Like Button

Tuesday, October 02, 2012

A Logic Test

A friend wrote to me and asked about this concept. "Given 1 Timothy" ("This is good, and it is pleasing in the sight of God our Savior, Who desires all people to be saved and to come to the knowledge of the truth" (1 Tim 2:3-4).) "and 2 Peter" ("The Lord is not slow to fulfill his promise as some count slowness, but is patient toward you, not wishing that any should perish, but that all should reach repentance" (2 Peter 3:9).), "it appears that it is God's will that all should come to repentance. Given the rest of Scripture, it is quite clear that this will not happen. Some will not come to repentance. Not all will be saved. Since Ephesians 1:11 says that God works all things after the counsel of His will and Psalms says God does as He pleases (Psa 115:3; 135:6), how do we correlate these two ideas? How can we have it as God's will that all should be saved and not all are saved?"

My friend postulates further. "It would appear that we have two options. Either it is God's will that all be saved and He's not willing to carry out His own will, or it is God's will that all be saved but Man prevents Him from accomplishing it. Either God is unwilling or unable. Either God fails to be Sovereign or Man overcomes God's will. Which is it?"

So, answer his question. Of course, there are rules. You can't simply ignore Scripture. "Forget about these verses or those verses ..." If you're going to go that way, you'll have to give a plausible explanation. And you can't stagger into incoherence. "God is sovereign enough to not be completely sovereign while being completely sovereign." If you're going to do something like that, you'll need to offer a redefinition of "sovereign" so that it doesn't mean the same thing that the Bible seems to mean by it. (That's fine as long as you provide a new definition and your reason for it.) By all means, use Scripture. Use the language. Use parallels, cross references, whatever. But don't use Scripture to contradict Scripture. If you're going to contradict another Scripture with Scripture, you'll have to explain why it's not a contradiction. And by all means use logic. "I don't think so" is not logic. A reasonable explanation would be helpful. You don't need to convince me. Just give a logical, biblical answer that someone else might find reasonable and useful.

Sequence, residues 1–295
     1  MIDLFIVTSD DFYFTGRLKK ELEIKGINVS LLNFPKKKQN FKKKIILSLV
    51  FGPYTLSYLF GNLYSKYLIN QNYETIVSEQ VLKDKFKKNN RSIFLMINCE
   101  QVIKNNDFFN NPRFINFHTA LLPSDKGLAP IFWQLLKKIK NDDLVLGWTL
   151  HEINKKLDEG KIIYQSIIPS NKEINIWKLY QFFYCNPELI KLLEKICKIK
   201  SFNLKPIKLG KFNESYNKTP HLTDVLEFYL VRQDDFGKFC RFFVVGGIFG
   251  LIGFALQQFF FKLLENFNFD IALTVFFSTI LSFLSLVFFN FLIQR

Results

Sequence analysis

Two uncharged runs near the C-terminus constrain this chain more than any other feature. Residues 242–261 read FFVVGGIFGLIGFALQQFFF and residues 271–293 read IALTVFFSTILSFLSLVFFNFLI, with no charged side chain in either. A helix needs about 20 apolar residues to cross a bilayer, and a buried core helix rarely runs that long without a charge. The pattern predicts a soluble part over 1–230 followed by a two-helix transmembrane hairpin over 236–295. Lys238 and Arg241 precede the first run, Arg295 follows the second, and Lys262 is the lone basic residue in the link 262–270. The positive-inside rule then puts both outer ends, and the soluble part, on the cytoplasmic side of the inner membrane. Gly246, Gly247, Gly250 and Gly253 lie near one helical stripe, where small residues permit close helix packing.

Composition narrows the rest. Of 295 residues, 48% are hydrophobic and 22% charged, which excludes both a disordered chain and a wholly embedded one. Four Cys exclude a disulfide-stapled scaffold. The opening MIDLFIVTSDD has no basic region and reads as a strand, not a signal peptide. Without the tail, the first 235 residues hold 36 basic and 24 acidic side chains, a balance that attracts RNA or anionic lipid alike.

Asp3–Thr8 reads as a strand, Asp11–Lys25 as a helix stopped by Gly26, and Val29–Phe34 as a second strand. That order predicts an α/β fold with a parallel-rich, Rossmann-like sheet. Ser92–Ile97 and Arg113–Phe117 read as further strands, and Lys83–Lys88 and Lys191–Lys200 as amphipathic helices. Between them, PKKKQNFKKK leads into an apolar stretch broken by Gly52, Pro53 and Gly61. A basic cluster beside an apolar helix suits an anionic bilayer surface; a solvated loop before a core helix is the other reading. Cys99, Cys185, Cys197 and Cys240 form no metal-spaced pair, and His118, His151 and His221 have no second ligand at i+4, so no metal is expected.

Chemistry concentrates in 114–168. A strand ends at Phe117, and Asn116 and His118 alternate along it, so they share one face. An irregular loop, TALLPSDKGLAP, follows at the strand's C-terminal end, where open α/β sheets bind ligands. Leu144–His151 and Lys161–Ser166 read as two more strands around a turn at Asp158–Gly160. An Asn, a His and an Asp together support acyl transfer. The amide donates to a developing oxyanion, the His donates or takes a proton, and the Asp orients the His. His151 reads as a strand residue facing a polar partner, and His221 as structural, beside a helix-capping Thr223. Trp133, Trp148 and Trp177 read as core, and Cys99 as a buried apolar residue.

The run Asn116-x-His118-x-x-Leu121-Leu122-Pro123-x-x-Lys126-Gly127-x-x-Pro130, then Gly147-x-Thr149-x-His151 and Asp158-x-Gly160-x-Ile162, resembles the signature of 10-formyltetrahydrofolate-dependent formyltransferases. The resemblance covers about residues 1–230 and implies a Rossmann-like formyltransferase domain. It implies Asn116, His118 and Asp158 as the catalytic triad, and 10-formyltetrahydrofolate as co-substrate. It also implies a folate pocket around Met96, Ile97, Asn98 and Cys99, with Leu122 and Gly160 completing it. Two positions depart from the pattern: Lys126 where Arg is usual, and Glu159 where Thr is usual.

The question is, then, two-fold. First, do we have a genuine contradiction here in God being Sovereign but failing? Second, if not, what is the reality? Give it a go. See if you can reason through it. And understand I'll not be easy in the comments.

4 comments:

Dan said...

There's a difference between "desire" and "will"?

Stan said...

Is that an argument or a question? :)

Dan said...

It's an argument only if it's not a stupid one. If it's a stupid argument, then it is not an argument at all but a question.

Stan said...

Nice tap dance. I didn't know you had it in you. :)

There is a difference between "desire" and "will". Ephesians 1:11 says that God works all things after the counsel of His will, and we know beyond that that God has desires that He does not seek to accomplish (for instance, human moral perfection, Jesus's lament about Jerusalem refusing salvation, etc.).